DO’S AND DON’TS OF FILM MARKETING

FREE GUIDE: INDIE FILM MARKETING 101

WHAT EVERY INDIE FILMMAKER SHOULD KNOW BEFORE LAUNCHING A FILM!

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Film marketing is quite a complex matter, and there are tons of things you need to take into account before and after launching your film or show.
But if we were to pick the top 5 do’s and don’ts of indie film marketing, here are the ones I’d recommend to pay attention to.

 

DO’S OF INDIE FILM MARKETING

  1. Secure a marketing budget. – Allocating some money for marketing in your overall budget, not only will allow you to properly execute and effective campaign, but it’ll also show your potential investors that you’re crystal clear about the business side.
  2. Have your movie pitch ready since day 1. – If you’re presented with one of those life-changing opportunities to pitch your film to someone relevant, make sure you can nail it. Prepare it ahead, keep it short and rehearse it multiple times. Showing confidence in yourself and your project is your best bet to entice your audience.
  3. Generate content throughout the entire production process. – Marketing assets aren’t just ads, posters or trailers. It’s also everything that helps promote your work, and that includes organic content that can be created during every stage of your production process and even later on.
  4. Focus on building an audience over time. – Your audience are your consumers. And you need to have recurrent customers. People interested not only in what you’re doing now, but also what you might be doing in the future. Grow and capture your audience through social media, e-mails lists and any other resource that’ll allow you to get in touch.
  5. Measure results as much as you can. – Did you launch two versions of trailers? Do you know which one performed better? Measuring any action you take will help you improve over time and make sure your marketing efforts are as effective as possible.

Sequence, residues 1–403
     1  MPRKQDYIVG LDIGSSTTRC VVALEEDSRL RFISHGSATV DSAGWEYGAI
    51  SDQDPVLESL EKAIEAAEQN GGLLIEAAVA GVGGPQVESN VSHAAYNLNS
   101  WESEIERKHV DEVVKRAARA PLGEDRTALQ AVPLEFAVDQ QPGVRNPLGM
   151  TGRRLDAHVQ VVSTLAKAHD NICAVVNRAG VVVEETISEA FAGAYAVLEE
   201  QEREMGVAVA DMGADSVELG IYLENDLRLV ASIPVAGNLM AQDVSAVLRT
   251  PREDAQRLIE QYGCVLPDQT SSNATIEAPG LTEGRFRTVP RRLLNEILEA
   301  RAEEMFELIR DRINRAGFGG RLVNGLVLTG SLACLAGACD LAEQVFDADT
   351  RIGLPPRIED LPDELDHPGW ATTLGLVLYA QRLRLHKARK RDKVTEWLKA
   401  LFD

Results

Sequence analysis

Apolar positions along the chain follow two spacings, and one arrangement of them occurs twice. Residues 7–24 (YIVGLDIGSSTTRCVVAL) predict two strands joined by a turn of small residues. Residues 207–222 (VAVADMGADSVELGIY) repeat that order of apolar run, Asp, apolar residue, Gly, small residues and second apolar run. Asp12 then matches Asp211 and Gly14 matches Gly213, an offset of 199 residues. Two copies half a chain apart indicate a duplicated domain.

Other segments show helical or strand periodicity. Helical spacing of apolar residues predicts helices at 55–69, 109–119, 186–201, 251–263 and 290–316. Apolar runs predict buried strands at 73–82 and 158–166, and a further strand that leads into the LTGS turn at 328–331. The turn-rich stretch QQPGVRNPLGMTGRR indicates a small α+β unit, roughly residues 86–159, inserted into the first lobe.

DON’TS OF INDIE FILM MARKETING

  1. Don’t rely on your marketing budget to cover production issues. – Your marketing budget is to be used for marketing purposes. Not because you planned poorly and needed some money for a few extra shoot days. You control your budget. Don’t let your budget control you.
  2. Don’t wait till your movie is ready, to plan how to market it. – When you don’t plan ahead, you run the risk of not having any money left for marketing. Or even worse, finding out it’s not marketable. Then you’ll be scrambling to find resources to do a half-assed job. And you’ll finally wonder why it flopped.
  3. Don’t create independent websites or social media pages for every movie or show. – Think about your future projects. Build a marketing platform that’ll help not only this film, but anything else you might do later on. A production company’s website should dedicate landing pages for separate projects, building on top of each other, over time. Same applies for a director’s site. For social media, make sure you have a page you’ll continue to use, versus a film page that will die a slow an agonizing death after the hype is gone.
  4. Don’t assume that word-of-mouth and some casual PR will bring all the audience you need. – Yes, you might think your movie is great and people won’t stop talking about it. But even in this best-case scenario, you’ll need to amplify your reach and make sure you drive traffic to your film or show.
  5. Don’t take one person’s opinion as an absolute truth. – Everyone has an opinion about how to make your film better. Change this scene, shorten this trailer, make your poster more colorful… In film marketing (and advertising in general) there are some best-practices that can guide you about proven methods to get better results. Other than that, there are many instances where a survey or focus group might be useful. On this digital age, it’s fairly easy -and affordable- to run a quick test.

From now on, it’s up to you to follow these tips. Let’s consider them the barebones to what can be a very promising marketing campaign. Good luck!